Spoiler warning for anyone who hasn't yet watched Game of Thrones' Season 7 premiere.
When thetheory-centric Game of Thrones returned to HBO for its highly anticipated Season 7 premiere, the show didn't even ask viewers to sit through the opening theme before plunging us all into the season's first bloody massacre, courtesy of a masked Arya Stark. And as you might have imagined, that opening scene was a moment that actress Maisie Williams was pretty pumped about, even though it hints at Arya's darker side.
It's so fucked up! Even Arya is surprised she has so much power. In that last moment she's staring out at all those men dying, she's turned into a bit more of a monster than she's ever realized. I don't think she's sad about that but she's got it on her mind.
Let's be real, here. Does anyone really think that Arya is anywhere in the vicinity of being sad about her most vicious act of vengeance yet? Perhaps that would have occurred to folks who only heard about the scene without actually watching it, but viewers saw all too well that Arya did not walk away from that room of death with regret or melancholy showing on her face. No, she was smiling to herself, clearly tickled that her big face-swapping plan worked.
To quote Maisie Williams herself, that scene was beyond fucked up, no doubt fooling many audience members into thinking that they were watching an oddly-placed flashback scene that occurred at some point before Walder Frey's death by Arya's hand (and blade). But once tone shifted away from celebrating the Red Wedding, it became clear that something was off, and that ominous feeling was strengthened immensely when the attendees started coughing up blood and collapsing. So it was more of a celebratory surprise than something completely flabbergasting, but we'll take any Stark sibling's celebration that we can get.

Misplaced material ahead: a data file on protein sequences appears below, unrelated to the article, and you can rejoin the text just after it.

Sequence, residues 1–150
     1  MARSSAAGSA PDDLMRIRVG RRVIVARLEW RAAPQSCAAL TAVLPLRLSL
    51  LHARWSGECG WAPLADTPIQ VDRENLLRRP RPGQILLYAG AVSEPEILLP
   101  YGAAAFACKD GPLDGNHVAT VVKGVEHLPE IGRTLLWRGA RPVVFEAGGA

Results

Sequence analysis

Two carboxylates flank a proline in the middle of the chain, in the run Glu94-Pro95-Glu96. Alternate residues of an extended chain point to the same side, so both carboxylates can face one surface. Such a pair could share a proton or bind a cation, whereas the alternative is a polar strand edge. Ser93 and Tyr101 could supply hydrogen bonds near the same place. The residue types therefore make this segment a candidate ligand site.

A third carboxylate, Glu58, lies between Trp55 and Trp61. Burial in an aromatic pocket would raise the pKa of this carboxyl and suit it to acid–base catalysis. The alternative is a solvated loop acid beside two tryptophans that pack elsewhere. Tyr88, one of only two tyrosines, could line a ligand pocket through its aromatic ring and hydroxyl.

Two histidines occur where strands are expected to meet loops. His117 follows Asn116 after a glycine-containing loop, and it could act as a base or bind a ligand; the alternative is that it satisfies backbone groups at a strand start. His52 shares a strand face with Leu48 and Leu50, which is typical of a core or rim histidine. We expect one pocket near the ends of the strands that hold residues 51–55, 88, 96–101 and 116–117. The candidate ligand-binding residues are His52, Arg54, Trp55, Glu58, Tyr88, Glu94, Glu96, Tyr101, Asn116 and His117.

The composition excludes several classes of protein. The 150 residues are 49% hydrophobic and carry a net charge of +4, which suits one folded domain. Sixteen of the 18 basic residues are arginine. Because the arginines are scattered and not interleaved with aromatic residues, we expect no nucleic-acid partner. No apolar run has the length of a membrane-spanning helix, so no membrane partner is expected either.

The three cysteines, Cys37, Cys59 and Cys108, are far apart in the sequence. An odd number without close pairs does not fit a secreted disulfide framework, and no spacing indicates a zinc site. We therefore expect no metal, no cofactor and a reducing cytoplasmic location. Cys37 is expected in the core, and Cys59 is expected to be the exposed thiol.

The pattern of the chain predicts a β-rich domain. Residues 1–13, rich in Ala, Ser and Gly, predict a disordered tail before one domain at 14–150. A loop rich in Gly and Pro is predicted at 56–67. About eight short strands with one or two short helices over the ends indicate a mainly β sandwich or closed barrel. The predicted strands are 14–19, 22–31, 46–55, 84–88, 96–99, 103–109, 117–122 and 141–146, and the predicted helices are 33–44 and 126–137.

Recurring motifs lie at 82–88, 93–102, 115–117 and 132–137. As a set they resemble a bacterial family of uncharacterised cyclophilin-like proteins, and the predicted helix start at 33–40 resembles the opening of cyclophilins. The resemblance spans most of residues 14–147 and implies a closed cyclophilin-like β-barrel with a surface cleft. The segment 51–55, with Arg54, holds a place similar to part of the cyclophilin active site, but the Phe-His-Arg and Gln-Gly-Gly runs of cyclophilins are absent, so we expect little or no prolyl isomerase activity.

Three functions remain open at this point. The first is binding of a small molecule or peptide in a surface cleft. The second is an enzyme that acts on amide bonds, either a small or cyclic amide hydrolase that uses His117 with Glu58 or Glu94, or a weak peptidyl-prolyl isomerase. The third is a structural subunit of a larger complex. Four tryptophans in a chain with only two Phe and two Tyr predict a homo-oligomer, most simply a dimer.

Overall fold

For her talk with EW, Maisie Williams also discussed the very particular method by which she was able to take out so many people at once.
When I heard first heard about the Faceless Men, I always thought it would be really cool if she switched faces with a leading character rather than an unknown person's face. I really hope [viewers] don't guess it's her straight away.)
Game of Thrones had admittedly given viewers something of a heads up when it came to how things played out during the premiere's opening. Arya's proficiency with the identity-swapping talents of the Faceless Men already adds a sense of curiosity to any time reports arise with an actor reprising the role of a dead character, which is exactly what happened when it came to light that Walder Frey portrayer David Bradley would be returning for a Season 7 appearance. But regardless of its potential predictability, there's no denying the mass murder sequence was a superb way for Game of Thrones to kick off its penultimate season.
Even though the premiere was only last night, we somehow only have six episodes left of Season 7, which means we're likely getting way more scenes in which big groups of people are all killed off in haste. (For example, here's one that the premiere may have foreshadowed.) Find out what happens next when Game of Thrones airs on HBO on Sunday nights at 9:00 p.m. ET. To see everything else heading to primetime soon, check out our summer TV premiere schedule.